The call of the ice

23:27, Mar 04 2014
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A large slab of iceberg is seen early in the morning as the National Geographic/Lindblad Expeditions cruise ship Explorer approaches Antarctica.
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An Adelie penguin guards a newly hatched chick at Brown Bluff in the Weddell Sea.
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An arched iceberg, large enough to pilot a small boat through, in Gouvernoren Harbor.
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Diagonal patterns exposed in an iceberg that had shifted in the Errera Channel; kayaking permitted a closer look at the smaller icebergs.
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Sparkling icicles drape from an iceberg in Cierva Cove.
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A downward view of the Explorer’s bow slicing through an ice sheet near Enterprise Island.

"You come for the animals, but you will return for the ice," the trip leader aboard the National Geographic/Lindblad Expeditions cruise ship Explorer told us as we began our trip to the Antarctic in December.

My wife, Kathy Moran, is a senior editor at National Geographic magazine and was invited to lecture aboard a cruise to the "white continent." I got to tag along.

I started my career as a news photographer and have never lost my love of the craft, so I was thrilled at the opportunity. The images here are among the best I was able to capture in the nine days that we cruised, hiked and kayaked along the Antarctic Peninsula.

The ship departed out of Ushuaia on Tierra del Fuego, Argentina, and crossed the Drake Passage, renowned for seas that make fools of those who think that dramamine, wrist acupuncture straps or ginger gum are going to make a difference.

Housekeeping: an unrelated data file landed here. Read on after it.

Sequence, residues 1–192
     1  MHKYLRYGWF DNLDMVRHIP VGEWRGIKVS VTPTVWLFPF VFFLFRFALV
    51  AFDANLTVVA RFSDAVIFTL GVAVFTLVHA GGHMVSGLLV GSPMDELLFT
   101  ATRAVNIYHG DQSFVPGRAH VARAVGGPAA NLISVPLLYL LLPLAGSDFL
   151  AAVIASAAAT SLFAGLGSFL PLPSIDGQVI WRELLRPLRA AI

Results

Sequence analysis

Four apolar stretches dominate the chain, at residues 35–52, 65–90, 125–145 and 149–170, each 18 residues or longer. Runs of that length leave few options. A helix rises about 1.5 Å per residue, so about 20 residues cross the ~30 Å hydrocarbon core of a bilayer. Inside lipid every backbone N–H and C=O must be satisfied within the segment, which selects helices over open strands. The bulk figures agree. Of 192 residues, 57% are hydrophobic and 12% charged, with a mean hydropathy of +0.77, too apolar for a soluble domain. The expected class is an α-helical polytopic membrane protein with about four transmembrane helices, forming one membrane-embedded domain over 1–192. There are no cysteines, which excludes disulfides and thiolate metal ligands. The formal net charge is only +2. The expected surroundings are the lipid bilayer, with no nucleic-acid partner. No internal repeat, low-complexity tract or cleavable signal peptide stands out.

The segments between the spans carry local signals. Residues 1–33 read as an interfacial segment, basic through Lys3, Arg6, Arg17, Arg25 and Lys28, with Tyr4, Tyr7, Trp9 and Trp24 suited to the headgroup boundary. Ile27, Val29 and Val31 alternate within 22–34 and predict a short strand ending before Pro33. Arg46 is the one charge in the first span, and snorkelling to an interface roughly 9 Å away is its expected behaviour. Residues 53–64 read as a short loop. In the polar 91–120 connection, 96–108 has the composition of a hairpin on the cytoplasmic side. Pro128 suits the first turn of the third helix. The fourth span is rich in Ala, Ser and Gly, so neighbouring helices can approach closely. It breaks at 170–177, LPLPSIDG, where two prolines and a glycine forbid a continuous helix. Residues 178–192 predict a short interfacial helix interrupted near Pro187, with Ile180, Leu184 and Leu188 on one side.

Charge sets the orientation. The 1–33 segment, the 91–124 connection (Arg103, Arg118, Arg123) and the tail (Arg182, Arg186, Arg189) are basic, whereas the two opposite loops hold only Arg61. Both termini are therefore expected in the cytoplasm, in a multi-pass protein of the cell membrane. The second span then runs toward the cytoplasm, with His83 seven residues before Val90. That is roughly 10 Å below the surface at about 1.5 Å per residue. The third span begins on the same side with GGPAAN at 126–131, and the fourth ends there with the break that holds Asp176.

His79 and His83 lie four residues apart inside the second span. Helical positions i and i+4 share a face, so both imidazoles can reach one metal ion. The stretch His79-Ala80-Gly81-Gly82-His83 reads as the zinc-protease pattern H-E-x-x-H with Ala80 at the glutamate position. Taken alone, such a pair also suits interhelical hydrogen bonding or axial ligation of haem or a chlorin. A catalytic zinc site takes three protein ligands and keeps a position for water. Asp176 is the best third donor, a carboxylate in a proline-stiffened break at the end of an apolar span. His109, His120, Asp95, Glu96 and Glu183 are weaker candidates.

I had all forms of defence because I get queasy just looking at a boat, but they were unnecessary: We were lucky to experience the "Drake Lake." Large rolling swells, but nothing that had me running for the ship's railing.

Once across, we had gorgeous weather. Temperatures rarely got below -1 degrees and were warmer than much of what the East Coast of the US was experiencing while we were away.


Penguins? There were thousands of Chinstraps, Adelies and Gentoos - enough for a lifetime. And it was spring in the Southern Hemisphere, so we were there when the first chicks of the season began to hatch.

But it was the ice, alive with the never-ceasing action of grinding, bobbing, cracking and melting, presenting nature's most fascinating and kinetic sculptures, that enthralled me. I never tired of watching or photographing it, at all times of day.

With only two to three hours of dusk (it never really got dark), it was hard to retire to the cabin. As the same trip leader temptingly warned us: "Sleep is expensive while on the continent. You can do it on the way home."

Griffin is the Visuals Editor of The Washington Post.

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